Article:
Licensing and Payments: The Licensing and Payments team are what I would call ‘business end’ of the TTO: they invoice entrepreneurs/companies that are licensing the technology (for fees, royalties, etc.), receive payments, and allocate them as dictated by the technology license and university policy. By extension, they will often also handle assignment of rights for inventions and finalize agreements of royalty allocations between co-inventors. (Side note here for faculty/students/postdocs: universities often have ‘default’ policies for allocations that are available on the TTO website – some examples here, here, here).

Operations: The Operations or Ops team is responsible for the TTO’s operations, so they most frequently interact with other teams in the TTO or other parts of university administration, and rarely interact with academics or entrepreneurs. However, they’re great to know because they often plan TTO events, such as monthly updates  on new discoveries or annual tech showcases. As an academic, these events are a chance to showcase your work and inventions to entrepreneurs or companies that are potential licensees. As an entrepreneur, these events are your chance to browse what the university has and talk directly with inventors.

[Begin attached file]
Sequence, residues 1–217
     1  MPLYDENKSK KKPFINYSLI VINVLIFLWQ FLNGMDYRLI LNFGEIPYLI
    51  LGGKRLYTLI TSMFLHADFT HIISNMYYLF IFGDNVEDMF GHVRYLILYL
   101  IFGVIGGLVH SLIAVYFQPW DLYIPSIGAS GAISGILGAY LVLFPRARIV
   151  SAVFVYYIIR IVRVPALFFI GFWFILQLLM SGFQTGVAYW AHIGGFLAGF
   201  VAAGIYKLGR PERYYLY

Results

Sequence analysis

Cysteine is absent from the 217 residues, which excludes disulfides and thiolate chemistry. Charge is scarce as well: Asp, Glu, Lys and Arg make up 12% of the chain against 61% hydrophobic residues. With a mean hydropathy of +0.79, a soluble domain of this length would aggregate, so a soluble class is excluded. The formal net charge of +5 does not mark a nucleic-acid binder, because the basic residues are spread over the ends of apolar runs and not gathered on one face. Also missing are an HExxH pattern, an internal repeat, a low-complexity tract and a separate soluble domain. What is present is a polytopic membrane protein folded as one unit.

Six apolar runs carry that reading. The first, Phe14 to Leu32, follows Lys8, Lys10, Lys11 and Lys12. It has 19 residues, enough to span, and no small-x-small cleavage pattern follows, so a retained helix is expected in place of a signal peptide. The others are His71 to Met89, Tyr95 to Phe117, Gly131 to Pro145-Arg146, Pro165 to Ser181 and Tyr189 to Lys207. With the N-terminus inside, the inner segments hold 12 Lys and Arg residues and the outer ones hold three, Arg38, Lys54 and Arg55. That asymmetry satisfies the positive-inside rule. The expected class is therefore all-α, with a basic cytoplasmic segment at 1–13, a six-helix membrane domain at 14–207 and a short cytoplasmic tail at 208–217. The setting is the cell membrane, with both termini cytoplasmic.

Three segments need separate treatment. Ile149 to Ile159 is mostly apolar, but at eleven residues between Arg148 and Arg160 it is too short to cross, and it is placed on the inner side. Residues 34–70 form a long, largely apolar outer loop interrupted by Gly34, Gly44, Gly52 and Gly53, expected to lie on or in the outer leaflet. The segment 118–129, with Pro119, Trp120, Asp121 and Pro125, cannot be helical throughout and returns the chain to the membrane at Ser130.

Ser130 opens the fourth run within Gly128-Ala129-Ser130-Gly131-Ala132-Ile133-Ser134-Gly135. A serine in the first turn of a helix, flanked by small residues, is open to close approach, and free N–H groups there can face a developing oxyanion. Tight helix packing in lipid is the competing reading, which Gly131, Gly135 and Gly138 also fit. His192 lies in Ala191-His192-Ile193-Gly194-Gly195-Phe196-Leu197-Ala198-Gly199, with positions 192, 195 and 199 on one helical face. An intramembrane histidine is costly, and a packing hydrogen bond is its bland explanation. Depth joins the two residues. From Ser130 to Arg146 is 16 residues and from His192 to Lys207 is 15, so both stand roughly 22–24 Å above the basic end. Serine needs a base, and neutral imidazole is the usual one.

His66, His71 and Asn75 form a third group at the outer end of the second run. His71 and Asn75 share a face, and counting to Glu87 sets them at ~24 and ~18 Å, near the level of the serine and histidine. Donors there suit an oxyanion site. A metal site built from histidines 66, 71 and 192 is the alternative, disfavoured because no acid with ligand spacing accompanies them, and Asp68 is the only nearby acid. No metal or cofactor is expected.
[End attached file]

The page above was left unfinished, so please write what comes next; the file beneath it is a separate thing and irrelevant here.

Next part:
Communications: Not every TTO has its own communications (Comms) person or team, but they should. The purpose of the Comms Team is to keep the TTO connected to the university community and the entrepreneurial and business communities, as well as raise the profile of the TTO to the outside world. They are looking for stories to highlight the success of inventions and IP from the TTO, so getting to know them is a chance to send your successes to them (either as an academic or as an entrepreneur) for a win-win situation: they get content to publish, and it raises the profile of your research or company.